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chap12 - .1(a Under the quasistatic assumption the carriers...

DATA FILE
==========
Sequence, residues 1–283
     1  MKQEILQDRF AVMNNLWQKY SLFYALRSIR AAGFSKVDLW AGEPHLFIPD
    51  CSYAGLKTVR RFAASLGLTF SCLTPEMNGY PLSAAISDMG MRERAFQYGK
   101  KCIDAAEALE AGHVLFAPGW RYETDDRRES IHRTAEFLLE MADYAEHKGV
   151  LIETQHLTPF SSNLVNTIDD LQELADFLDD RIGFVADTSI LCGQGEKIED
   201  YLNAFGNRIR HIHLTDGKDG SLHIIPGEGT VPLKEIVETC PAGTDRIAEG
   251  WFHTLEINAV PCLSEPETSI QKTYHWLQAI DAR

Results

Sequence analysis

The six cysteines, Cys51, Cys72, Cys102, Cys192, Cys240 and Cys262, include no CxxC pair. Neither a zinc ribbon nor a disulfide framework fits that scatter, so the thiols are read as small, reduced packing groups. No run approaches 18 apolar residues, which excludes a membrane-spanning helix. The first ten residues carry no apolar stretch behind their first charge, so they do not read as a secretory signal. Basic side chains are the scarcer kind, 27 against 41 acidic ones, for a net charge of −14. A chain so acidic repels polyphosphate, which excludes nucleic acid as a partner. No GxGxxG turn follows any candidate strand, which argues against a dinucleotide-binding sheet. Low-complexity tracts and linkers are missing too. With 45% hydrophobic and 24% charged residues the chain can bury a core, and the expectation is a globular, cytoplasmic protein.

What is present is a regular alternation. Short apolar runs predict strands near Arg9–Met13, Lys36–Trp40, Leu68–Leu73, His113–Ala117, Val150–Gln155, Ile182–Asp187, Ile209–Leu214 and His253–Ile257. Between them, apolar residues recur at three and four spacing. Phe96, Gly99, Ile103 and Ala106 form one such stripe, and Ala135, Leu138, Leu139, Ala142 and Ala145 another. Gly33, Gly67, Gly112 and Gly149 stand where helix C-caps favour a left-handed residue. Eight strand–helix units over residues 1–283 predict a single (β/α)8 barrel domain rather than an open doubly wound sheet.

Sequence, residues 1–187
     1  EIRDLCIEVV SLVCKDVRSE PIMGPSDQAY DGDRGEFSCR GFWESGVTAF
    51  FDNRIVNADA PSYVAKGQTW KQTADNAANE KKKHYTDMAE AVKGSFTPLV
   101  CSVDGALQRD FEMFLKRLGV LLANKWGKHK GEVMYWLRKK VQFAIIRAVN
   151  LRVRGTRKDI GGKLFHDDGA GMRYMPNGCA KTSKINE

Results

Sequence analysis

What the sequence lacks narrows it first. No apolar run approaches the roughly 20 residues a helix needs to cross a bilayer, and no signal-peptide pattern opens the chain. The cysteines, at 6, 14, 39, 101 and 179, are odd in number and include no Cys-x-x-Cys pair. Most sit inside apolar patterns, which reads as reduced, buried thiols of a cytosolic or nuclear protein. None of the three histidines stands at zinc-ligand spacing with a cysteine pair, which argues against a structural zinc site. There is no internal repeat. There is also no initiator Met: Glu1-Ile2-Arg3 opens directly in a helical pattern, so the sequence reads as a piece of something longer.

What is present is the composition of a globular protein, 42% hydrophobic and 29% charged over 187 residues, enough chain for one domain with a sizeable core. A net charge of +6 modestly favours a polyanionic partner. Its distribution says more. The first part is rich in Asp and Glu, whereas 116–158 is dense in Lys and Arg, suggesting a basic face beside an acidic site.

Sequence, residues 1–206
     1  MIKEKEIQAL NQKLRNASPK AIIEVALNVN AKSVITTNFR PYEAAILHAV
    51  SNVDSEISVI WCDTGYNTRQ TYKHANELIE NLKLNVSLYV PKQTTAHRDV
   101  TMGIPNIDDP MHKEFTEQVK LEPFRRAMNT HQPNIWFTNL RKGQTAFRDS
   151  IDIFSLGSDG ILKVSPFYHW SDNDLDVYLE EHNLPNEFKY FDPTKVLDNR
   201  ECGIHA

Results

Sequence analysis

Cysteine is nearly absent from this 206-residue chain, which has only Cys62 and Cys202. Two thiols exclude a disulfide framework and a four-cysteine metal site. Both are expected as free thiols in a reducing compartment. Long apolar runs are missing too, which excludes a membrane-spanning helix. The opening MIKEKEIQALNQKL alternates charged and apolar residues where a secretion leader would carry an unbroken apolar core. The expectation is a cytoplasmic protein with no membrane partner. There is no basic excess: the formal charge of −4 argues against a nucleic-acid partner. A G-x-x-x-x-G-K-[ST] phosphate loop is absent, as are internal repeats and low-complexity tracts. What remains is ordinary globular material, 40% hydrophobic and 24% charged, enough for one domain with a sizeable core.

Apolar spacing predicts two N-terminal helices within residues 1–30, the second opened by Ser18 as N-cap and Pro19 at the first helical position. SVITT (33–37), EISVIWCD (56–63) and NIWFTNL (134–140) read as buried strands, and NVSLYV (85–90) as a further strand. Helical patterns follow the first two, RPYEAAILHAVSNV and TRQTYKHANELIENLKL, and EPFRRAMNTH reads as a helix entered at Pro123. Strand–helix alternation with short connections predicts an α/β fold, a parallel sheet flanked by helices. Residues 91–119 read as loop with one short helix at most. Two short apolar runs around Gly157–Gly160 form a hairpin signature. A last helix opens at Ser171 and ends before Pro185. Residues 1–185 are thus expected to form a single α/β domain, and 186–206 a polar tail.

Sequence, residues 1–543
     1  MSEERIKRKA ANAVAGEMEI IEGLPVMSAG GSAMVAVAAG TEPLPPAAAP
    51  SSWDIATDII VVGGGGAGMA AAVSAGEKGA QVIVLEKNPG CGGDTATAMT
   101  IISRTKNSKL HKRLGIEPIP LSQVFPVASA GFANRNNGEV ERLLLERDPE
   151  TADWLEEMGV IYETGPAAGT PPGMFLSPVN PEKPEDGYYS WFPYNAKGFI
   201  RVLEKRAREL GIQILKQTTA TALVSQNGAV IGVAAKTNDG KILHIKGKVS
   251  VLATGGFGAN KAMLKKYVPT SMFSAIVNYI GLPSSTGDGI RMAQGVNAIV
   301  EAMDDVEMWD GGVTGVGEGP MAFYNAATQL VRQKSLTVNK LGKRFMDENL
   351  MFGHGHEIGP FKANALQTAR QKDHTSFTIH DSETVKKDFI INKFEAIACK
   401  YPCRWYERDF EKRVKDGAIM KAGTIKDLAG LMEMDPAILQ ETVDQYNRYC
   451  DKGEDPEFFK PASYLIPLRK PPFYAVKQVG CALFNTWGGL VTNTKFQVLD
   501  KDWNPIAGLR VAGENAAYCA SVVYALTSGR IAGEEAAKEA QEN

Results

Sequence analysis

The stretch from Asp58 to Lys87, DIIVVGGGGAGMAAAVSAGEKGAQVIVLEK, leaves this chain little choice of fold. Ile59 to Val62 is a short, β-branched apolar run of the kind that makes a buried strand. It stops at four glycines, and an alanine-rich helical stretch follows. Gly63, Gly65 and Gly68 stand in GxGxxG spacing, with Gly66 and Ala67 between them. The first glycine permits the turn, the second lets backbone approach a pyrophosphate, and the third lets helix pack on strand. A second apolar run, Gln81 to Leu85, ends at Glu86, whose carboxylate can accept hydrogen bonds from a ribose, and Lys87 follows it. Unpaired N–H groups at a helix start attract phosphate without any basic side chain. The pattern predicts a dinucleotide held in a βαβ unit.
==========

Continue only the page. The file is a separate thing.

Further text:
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Unformatted text preview: CHAPTER 12 12.1 (a) Under the quasistatic assumption the carriers and hence the device under analysis are assumed to respond to a time-vaying signal as if it were a dc. bias. In the derivation of the generalized two—port model, one specifically equates the total time-varying terminal currents (i3, ic) to the dc. currents that would exist under equivalent biasing conditions. (b) Two separate definitions are necessary because, contrary to the polarities assumed in the development of the generalized small—signal model, the [B and [C currents were previously taken to be positive flowing out of the base and the collector terminals in a pup BIT. (As noted in Section 10.1, the direction of positive current was so chosen to avoid unnecessary complications, serious sign—related difficulties, in the physical description of current flow inside the BJT when operated in the standard amplifying mode.) (c) The Hybrid—Pi model gets its name from the n—like arrangement of circuit elements with “hybrid” (a combination of conductance and resistance) units. ‘ ((1) Names (see the first paragraph in Subsection 12.1.2): gm...transconductance r0...output resistance ruminput resistance r”...feedthrough resistance (e) The capacitors model the collector—base and emitter-base pn junction capacitances which cannot be neglected at higher frequencies. (f) The minority carrier concentration in the base continues to increase as pictured in plot (iii) of Fig. 12.4(d) until a maximum build-up consistent with the applied biases is attained. The base current varies as QB/ 13 and therefore also continues to increase toward a saturating maximum value. (In the quantitative analysis, 1‘}; increases from ICCTt at the start of saturation to a saturating value of [3313.) Once saturation biased, ic remains essentially constant at ic 5 [CC = VCCJRL. (g) In words, the base transit time is the average time taken by minority carriers to diffuse acrOss the quasineutral base. Mathematically (see Eq. 12.22), ft = W2/2DB. (Mfidc = [din = Tia/T: (i) An £13 < 0 aids the widthdrawal of stored charge from the quasineutral base, which in turn reduces both the storage delay time and the fall time. (i) A Schottky diode clamp is a circuit arrangement where a Schottky diode is connected between the collector and base of a BJT as pictured in Fig. 12.7(a). The Schottky diode conducts at a lower forward bias than a pn junction and therefore minimizes the forward (saturation-mode) bias that is applied to the BIT under turn-on conditions. This reduces the stored charge and speeds up the tum-off transient. (Also see Subsection 12.2.4.) 12—1 12.2 The BJT viewed as a two-port network and connected in the common-base configuration is pictured below. iEZIE’He i =1 +i C C CC + VCB+vcb :9 out in 2') VEB+ veg, Invoking the quasistatic assumption we can write iE(VEB+Deb,VCB+vcb) E IE(VEB+veb,VCB+vcb) = IE(VEB,VCB) +ie iC(VEB+veb,VCB+ch) E 1C(VEB+veb,VCB+vcb) = iC(VEB,VCB) +1}: 01‘ 1e = IE(VEB+veb,VCB+vcb) ~IE(VEB,VCB) ic = 1C(VEB+veb,VCB+vcb) _1C(VEB,VCB) Next performing a‘Taylor series expansion of the first term on the right—hand side of the above eqiiations, and keeping only first order terms, we obtain 81 BI IE(VEB+veb,VCB+vcb) = 1E(VEB,VCB) + —£’ Deb +J~l vcb aVEB VCB aVCB V53 31 81' [C(VEB+Ueb,VCB+Ucb) = [C(VEB,VCB) + —9‘i Deb +_—C—{ Deb aVEB VCB (Bi/CB VEB which when substituted into the preceding equations gives I :6 z 8% wii Deb aVEB VCB aVCB VEB 1c = a_IC_i Deb +fi—i Deb aVEB VCB aVCB VEB 12-2 If the direction of positive current flow is as defined in Fig. 10.2 (+15 out and +10 in for an npn BIT, +1}; in and Hg out for a pup BIT), then introducing yield the emitter and collector ac, current node equations is = giiveb+gizvcb ic = gziveb+g220cb The low—frequency small—signal equivalent circuit characterizing the ac. response of the BJT connected in the common base configuration is therefore concluded to be 12-3 12.3 .. From an inspection of Fig. 11.5(d), one concludes 1C E 1.1 mA at the specified operating point. Given the BIT is to be modeled using the simplified equivalent circuit of Fig. 12.2(a), and assuming T = 300 K, one computes (referring to Eqs. 12.9), ._ __ __ _____._._ = -2 gm [CT 00259 4.25 x 10 S = kT/q = 0.0259. = 5.18 x 103 (2 18 5x106 12.4 . The node equations appropriate for the B and C terminals in the Hybrid~Pi model (Fig. 12.2b) assume the form ib z ”be/rwt+vbc/ru ic = gm%e+UCb/rtt+vce/ro But vbc 2 ~ch = vbe ~ 006. Thus = unim— we) i0 = Mgm~%)+v %+%) A comparison of the preceding equations With text Eqs. (12.6) leads to the conclusion .. l 1 = "1 £11 ._ ,7: Jr,” . 812 r” _ 1 1 1 _. “M x ———+—-— 821 gm r“ 822 r” r0 Clearly r“ = —l/g 12. Moreover, substituting 1/ru = —g12 into the other three expressions allows us‘"t0 solve for the remaining Hybrid-Pi parameters in terms of the generalized model parameters“ Specifically, r1; : l/(g11+812) rs = “1/812 gm = 821— 812 r0 = 1/(£22 + 812) Although in a somewhat different order, the preceding are Eqs. (12.10). 124 12¢ Computations were first performed to determine the VEB values required to obtain an IC = 1 mA with and without accounting for base width modulation. These VEB voltages were then incorporated directly into the final program (P__12_05.m on the Instructor’s disk). In the MATLAB program, the user is asked whether he/she wishes to input VEB and . VEC or to use the preset values. The small incremental voltage deviations from the dc. voltage values used in approximating the partial derivatives appearing in Eqs. (12.5) were varied until a factor of two change in the incremental values led to no change to five significant places in the computed ggj parameters. The 5' parameters were in turn used to compute the Hybrid-Pi parameters employing Eqs. (12. 0). Sample results with and without accounting for base width modulation are tabulated below. In both cases there is at most a third«place difference between the gm and r,t computed from first principles and the gm and r,c computed using Eqs. (12.9). As expected, g12 and g2; are approximately zero when base width modulation is assumed to be negligible, and therefore r0 and r” become infinite. Finite values are obtained for r0 and r” when base width modulation is included. Note that base width modulation has little effect on gm but leads to a significant increase in r“. An increase in lec E gmrn is of course expected when base width modulation is included. No base—width modulation gm = 3.8685X10'2 S VEB = 0.67416 V r0 = co VEC = 10 v r1: = 4.5960X103 o [C = 1.0000 mA r“ : 00 gm = 3.8612X10'2 S ...using Eq. (12.9) ’"n = 4.6047X103 £2 With base-width modulation included gm = 3.8510><10~2 S VEB = 0.66961 V tr,t = 5.9530X103 £2 - 1C : 1.0000 mA r“ = 7.5141X107 o gm = ,I3.86ll><l()'2 S ...using Eq. (12.9) r,t = 5.9761X103 {2 12—5 MATLAB program scn'pt... %Computation of the Hybrid Pi Parameters (Problem 12.5) %Initialization clear; close format compact; format short e bw=input('Include base—width modulation? l—Yes, 2—No...'); s=input(‘Manually input VEB and VEC? l~Yes, 2-No...‘); %Input Eber—Moll Parameters BJTO %Voltages used in Calculation VbiE=kT*log(NE*NB/ni“2); VbiC=kT*log(NC*NB/ni“2); if 3:: , VEBO=input('Input VEB in volts, VEB '); VECO=input('Input VEC in volts, VEC - v | else VECO=10 if bw== , 30:0.669606 else VEBO=O.674162 end; end %iB and.iC Calculations VEB=VEBO: VEC=VECO: iB=;- iC=: for i=lz5, if bw==l, VCB=VEB-VEC: BJTmod else end IBO=(1-aF).*IFO+(1~aR).*IRO; IBl=(l—aF).*IFO+(l—aR).*IRO.*exp(—VEC/kT); IB=(IB1.*exp(VEB/kT)—IBO)i IC=( (aF. *IFO—IRO . *exp (—VEC/kT)) .* (IB+IBO) ../IBl+IRO-—aF. *IRO) ; %Reset voltages V if 1:: , VEB=VEBO—0.000l; else; end if i== , VEB=VEBO+0.000l; else; end if i== , VEB=VEBO; VEC= VECO—0.0l; else; end if '==4, VECzVECO+0.0l: else; end iB=[iB,IB]; iC=[iC,IC]; end 12-6 %Compute Generalized Two—Port Model Parameters g11=(iB(3)—iB(2))/0.0002; g12=(iB(5)—iB(4))/0.02; g21=(iC(3)—iC(2))/0.0002; gZ2=(iC(5)—iC(4))/0.02; fprintf('\nHybrid—Pi Model Parameters\n‘) gm=g21~g12 if g22+g12==0 ro=inf else ro=l/(g22+g12) end rpi=l/(gll+g12) if g12==0, rmu=inf else, rmu=—1/g12 end fprintf('\ngm and rpi computed using Eqs.(12.9)\n') gmziC(1)/0.0259 rpi=0.0259/1B(1) 12.6 (a) The high—frequency equivalent circuit of Fig. 12.2(0) with vce = O can be manipulated into the form ib » ic where :5 H k‘ + S... 5% 8- 12—7 Combining node and loop analysis we note ib = Ylvbe‘ — szcb' (l) ic = gmvbg' + Y Zucb' + veg/r0 (2) 1en: + vce' + (ib+ic)re = 0 (3) ”be! ‘ ”CC. + ”ch! = 0 (4) ,Eq. (4) is used to eliminate Deb'in Eqs. (1) and (2). Eqs. (1) and (2) are then combined to eliminate vbea Next Eqs. (3) is used to eliminate 006'. Finally, the idib ration is formed g1v1ng (Y2wgm ic _ Y1+Y2 ib Yz-gm 1 Y — Y +—-—~ —1 (music (2 roe Using the MATLAB program to compute lip/£1)! versus frequency, one determines an fry 2 235 MHz . Data sheets list the ff of the 2N3906 pnp BJT to be approximately 200 MHz. (It should be noted that the Electronics Workbench software program was used to determine the dc operating point that produced an IC = 1 mA. The series resistances listed in the problem statement were those quoted by the EW program. Zero—bias capacitance values employed in computing the Hybrid—Pi parameters were also extracted from the Electronics Workbench program.) A plot of lidibl versus frequency, and the MATLAB m—file constructed to generate the plot and determine fr, are reproduced on the next page 12-8 f(Hz) MATLAB program scfipt... %Problem.12.6...fT determination %Initialization clear; close %Parameters %|ic/ibl vs. frequency gm=3.869~2; f=logspace(4,9,200); rpi=4.65e3; w=2.*pi.*f; ro=2.00e4; Yl=l/rpi+j.*w.*Ceb; rmu=3.59e6; Y2=l/rmu+j.*w.*ch; Ceb=23.6e~12; R:(Y2~gm)./(Y1+Y2); CCb=2.32e—12; Den=R~*rC.*Y2 w (Y2+1/ro).*rc ~ 1: rb=10; beta=abs(R./Den); %beta=iiC/ibl rc=2.8; %Plot re=0; loglog(f,beta); grid xlabel('f (Hz)‘); ylabe1(‘l ic / ib 1‘) 12-9 12.7 The Eqs. (6.68)/(6.69) solution for the IDIFF flowing in a narrow base diode is 2 « (IA [Aria—00811070 /LP) (6 qVA/kT__ 1) [DIFF = LP ND sinh(xC'/Lp) For application to a BJT we make the symbol replacements..l)p ~4) DB, Lp ——> L3, ND n) NB, xc‘ —) W, and VA —) VEB- Then 2 q A 93:1. cosh(W/LB) (e qVEB/kT._ 1) I = ”FF LB NB sinh(W/LB) Since W/LB << 1 in a standard transistor, the cosh/sinh factor can be expanded as noted in the problem statement to obtain WC?Sh(W/LB) :- L—B—[l + lPKfl W/LB << 1 smh(W/LB) W 3 LB and n2 .2 1 == A—1+l(—W—H quEB/kT~—1 ”FF: (‘10 W BN3“ 3 LB ( ) Introducing the substitutions cited in Subsection 7.3.2, that is, 2 andLl—Wf: 2) W (1 +jcorB) 08:3 DBT TB nd(e qVEB/kT .i 1) z; (qveb/kne qVEB/kT yields the corresponding a.c. relationship DB "‘1?” 12m: q WEI; Finally, by definition, 1+_l_ W2 +jw wW__2_)(qveb quEB/kT 3 DBTB 3133 kT YD = GD+ijD = idiff/Ueb and therefore 12-10 1L8 The pictured "on" point in Fig. 12.3(b) lies right on the I B = Vs/RS line. Therefore [BB E VS/RS = 30flA. Inspecting the plot we find ICC E VCdRL = 5.0 mA. We know fidc = [d] B = M1}. Although base width modulation clearly causes fidc to vary somewhat depending on the dc. operating point, it is reasonable to employ a median value in obtaining the desired estimate. Specifically, using the point where the load line crosses the I B = 15 ,uA characteristic, we obtain 13 = [C :- (0.624)(Vcc/RL) : (0.624)(5X10'3) 1, = 208 t 13 IB 15><10~6 'Thus -3 ICC:I : (5x10 ) = 0.80 13313 — (30x10-6)(208) 12—11 l___2.9 (a)/(b) The required plots and the generating MA'ILAB m—file are reproduced below The computational relationships used m producing the plots were a; z "W 111%) if a: = 0 581: TB 2 . _ 1H) ...1f!,=-1 where x = [cots/1313113 0 0.1 0.2 0.3 0.4 0.5 0.6 0.7 0.8 0.9 1 {CC taut! lBB tauB 12- 12 0 , . , _ 0 0.1 0.2 (13 0.4 0.5 0.6 07 0.8 09 1 ICC taut/188 tauB MATLAB program script... %Rise and Storage—Delay Time plots (Prob. 12.9) %Initialization clear; close %Rise time computation x=linspace(0.01,0.99); rise=log(l./(1mx)); %rise=tr/tauB plot(x,rise); grid xlabel('ICC.taut / IBB tauB‘); ylabel(‘tr / tauB‘) pause %Storage-Delay Time computation delayOzlog(l./x); %delay0=tsd/tauB, xi=0 delay1=loq(2./(1+x)); %delayl=tsd/tauB, xi=l plot(x,delay0,x,delayl); grid xlabel(‘ICC taut / IBB tauB‘); ylabel(‘tsd / tauB') text(0q08,2.8,‘xi=0‘); text(0.08,0.8,‘xi=li) 12—13 12.10 (a) Let t1 be the time when ic = 0.9ICC and t2 the time when ic r: 0.11CC. Making use of Eq. (12.31b), we can then write ic(t1) = 091cc = 133%[(1+§)e41/TB— 5] t ic(t2) = 011cc 133%l<1+€>e"flTB—€] Solving for the t’s yields m( l + 5 ) TB m 0‘9ICCTt/IBBTB + <5 “( 1 + g ) 1B1 ____________ 0.11CCz'f/IBB’EB + 6 and per the measurements—based definition 11 I! I2 09k0fl$gm+f):qfl{afi+§) If = I241 : r3 ln( 0.11CC1JIBBIB +6 0.1x + 6 where x = ICCTt/[BBTB (b) With 6 = 0 and 5 = l, the part (a) relationship simplifies to E zfm9 .“n§=o m \ 09x+1 - - The requested lf/TB versus x plot is displayed on the next page along with the script of the MATLAB m—file used to generate the plot. Consistent with the analysis in Subsection 12.2.3, the plotted fall times decrease when 6 > 0. This occurs because an i}; < 0 aids the withdrawal of charge from the quasineutral base. If the x—ratio increases either due to an increase in ICC or a decrease in 18B, the charge storage is enhanced relative to the charge removal capability of the base 12-14 current. Thus, the tf/‘l‘B ratio for the {3: 1 curve increases with increasing x. When (5 = 0, the charge removal from the base occurs only by recombination and the fall—time collector current assumes the simple form, ic = Aexp(—t/m). Since tf is always evaluated employing the same relative iC values, ic(t1)/ic(t2) = constant = CXp(If/’Z‘B), and If/TB is seen to be a constant independent of x. 2.5 1‘5 ........ ......... ttttttttt ......... .......... .......... ........ :3 :9 ’2: ‘ ............................................................................................... 0.5 ........ ......... ttttttttt .......... .......... tttttttttt tttttttttt .......... ..... 3 ........ 0 0.1 0.2 0.3 0.4 0.5 0.6 0.7 0.8 0,9 1 ICC taut] [as tauB MATLAB program script... %Fa11 Time (Problem 12.10) %Initialization clear; Close %Fall Time computations x0=[0,1]; y0={log(9),log(9)]; %tf/tauB when xi=O xl=1inspace(0,l); yl=lOg((0.9.*x1+l)./(O.l.*xl+1)); %tf/tauB when xi=l plot(x0,y0,x1,yl); grid xlabel('ICC taut / IBB tauB‘); ylabel(‘tf / tauB‘) text(0.47,2.l,‘xi=0‘); text(0.47,0.4,‘xi=l‘) 12-15 ...